Petaluma officials tout a busy year of achievements

March 05, 2020

Petaluma City Manager Peggy Flynn has just completed a whirlwind first year at the city’s helm, highlighted by progress on several housing and infrastructure projects, and victories on key issues like river dredging and fairgrounds negotiations.

But Petaluma’s budget remains threadbare, Flynn said, and the city has begun sobering talks aimed at ensuring longterm fiscal stability.

“It’s been quite an amazing year,” said Flynn, who was hired from Novato a year ago to replace retiring city manager John Brown.

Flynn and Mayor Teresa Barrett spoke Friday at the annual Petaluma Area Chamber of Commerce State of the City luncheon, recapping a year that featured several significant achievements.

The U.S. Army Corps of Engineers last month said it has budgeted $9.7 million to dredge the Petaluma River this year for the first time since 2003, a major priority that Barrett and Rep. Jared Huffman tirelessly pursued.

“Dredging is a perfect example of the action that we need,” said Barrett of the community advocacy that secured the funding. “We have to look to the future. I don’t think we can wait another 17 years between dredging.”

Flynn’s tenure has been marked by an increase in public outreach, including several workshops on housing, crosstown connectors, fiscal stability, and city goal setting. The city launched a new website and formed a Climate Action Commission to address reducing Petaluma’s carbon footprint, one of the top goals.

Despite the achievements, Flynn said the city’s budget could be in the red in a few years because of growing pension obligations and taxes that are the second lowest in Sonoma County. City leaders are on track to finalize a longterm fiscal stability plan this summer.

Asked if a sales tax ballot measure could be part of the plan, Barrett said “Everything is on the table.”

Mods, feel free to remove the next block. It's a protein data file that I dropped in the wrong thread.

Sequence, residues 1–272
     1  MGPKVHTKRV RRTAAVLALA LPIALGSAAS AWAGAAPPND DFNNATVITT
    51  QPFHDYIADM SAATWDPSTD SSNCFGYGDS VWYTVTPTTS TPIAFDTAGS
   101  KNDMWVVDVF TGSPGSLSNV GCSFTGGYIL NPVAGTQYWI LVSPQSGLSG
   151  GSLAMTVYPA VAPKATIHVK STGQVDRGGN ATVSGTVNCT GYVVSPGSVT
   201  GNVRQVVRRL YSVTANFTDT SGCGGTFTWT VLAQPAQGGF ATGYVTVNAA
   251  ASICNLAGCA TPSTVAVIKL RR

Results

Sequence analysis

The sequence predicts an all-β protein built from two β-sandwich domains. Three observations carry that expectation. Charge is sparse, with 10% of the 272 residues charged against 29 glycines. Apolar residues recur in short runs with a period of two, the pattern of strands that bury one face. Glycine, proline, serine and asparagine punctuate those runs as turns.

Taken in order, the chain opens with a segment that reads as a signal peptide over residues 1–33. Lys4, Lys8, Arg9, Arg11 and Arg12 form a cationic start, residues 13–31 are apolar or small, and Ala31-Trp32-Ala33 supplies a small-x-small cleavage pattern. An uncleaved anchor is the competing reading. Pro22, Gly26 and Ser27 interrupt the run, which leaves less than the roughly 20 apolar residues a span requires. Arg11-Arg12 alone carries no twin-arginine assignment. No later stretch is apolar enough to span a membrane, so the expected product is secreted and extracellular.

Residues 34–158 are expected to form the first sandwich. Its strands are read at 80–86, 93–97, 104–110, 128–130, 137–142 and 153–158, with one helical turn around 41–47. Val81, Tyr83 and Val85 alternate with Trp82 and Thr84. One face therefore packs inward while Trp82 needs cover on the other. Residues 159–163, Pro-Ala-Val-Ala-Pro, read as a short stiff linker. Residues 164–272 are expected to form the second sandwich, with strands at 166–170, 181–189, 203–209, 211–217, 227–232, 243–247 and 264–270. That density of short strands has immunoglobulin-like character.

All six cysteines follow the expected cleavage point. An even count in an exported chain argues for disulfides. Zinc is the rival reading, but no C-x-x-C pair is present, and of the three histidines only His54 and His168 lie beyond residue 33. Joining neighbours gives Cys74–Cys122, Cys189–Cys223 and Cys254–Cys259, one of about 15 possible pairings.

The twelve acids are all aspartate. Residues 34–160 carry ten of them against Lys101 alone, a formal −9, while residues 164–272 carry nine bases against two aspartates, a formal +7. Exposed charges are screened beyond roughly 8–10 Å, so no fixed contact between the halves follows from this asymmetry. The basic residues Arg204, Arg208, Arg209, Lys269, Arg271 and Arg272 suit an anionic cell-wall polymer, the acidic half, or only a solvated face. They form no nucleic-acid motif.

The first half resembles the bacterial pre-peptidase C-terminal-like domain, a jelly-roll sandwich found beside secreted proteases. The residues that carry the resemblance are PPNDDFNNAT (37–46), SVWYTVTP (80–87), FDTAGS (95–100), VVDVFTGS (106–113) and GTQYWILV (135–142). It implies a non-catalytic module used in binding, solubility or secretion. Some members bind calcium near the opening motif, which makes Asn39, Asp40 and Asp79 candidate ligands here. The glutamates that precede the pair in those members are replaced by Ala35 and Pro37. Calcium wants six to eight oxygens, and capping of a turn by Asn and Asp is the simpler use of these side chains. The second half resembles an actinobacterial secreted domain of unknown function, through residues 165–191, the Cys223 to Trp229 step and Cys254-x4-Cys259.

“Petaluma is on the lower end of how we’re financed,” Barrett said. “We have a city that is incredibly diverse. We’re a full-service city ... We have a lot of services, but not a lot of revenue.”

In the past year, the city has taken steps to approve 2,000 new housing units, including 1,600 near downtown, Flynn said.

“That means more feet on the street for our businesses,” she said.

A big chunk of those housing units were approved just last month in a deal that put Petaluma on the cusp of achieving a second SMART train station, another major priority. The city council approved the Corona Road station along with 110 nearby townhomes and 400 apartment units near the downtown station. Barrett voted against the project saying the Corona development was not dense enough and did not capitalize on the future transit station.

To make the case that the city needs more revenue, Flynn said the police department staff is 23% smaller than before the recession, and emergency calls for service are up 96%. The city’s roads were also ranked last among Bay Area jurisdictions.

“Manging costs is a balancing act,” she said. “We’re trying to be as fiscally responsible as possible. We’ve been turning every rock over trying to figure out how we can address the problem.”

For the first time, talks are underway between the city and the Sonoma-Marin Fairgrounds board on the future of the publicly-owned fairgrounds property. The fair’s lease expires in four years, and leaders hope to have a succession plan in place this year.

Other unique programs in the city include increased funding for homeless service provider COTS, remodeling the Polly Klaas Community Theater, an electric bikeshare program and a business attraction strategy that has landed popular Puerto Rican restaurant Sol Food.

Also this year, the city plans to revisit a $500,000 study completed in 2011 that looked at renovation options for the derelict, rodent-infested train trestle fronting the downtown Turning Basin, Barrett said.

“It’s like a rat hotel. It’s horrible,” she said. “The community has demanded that we do this.”

(Contact Matt Brown at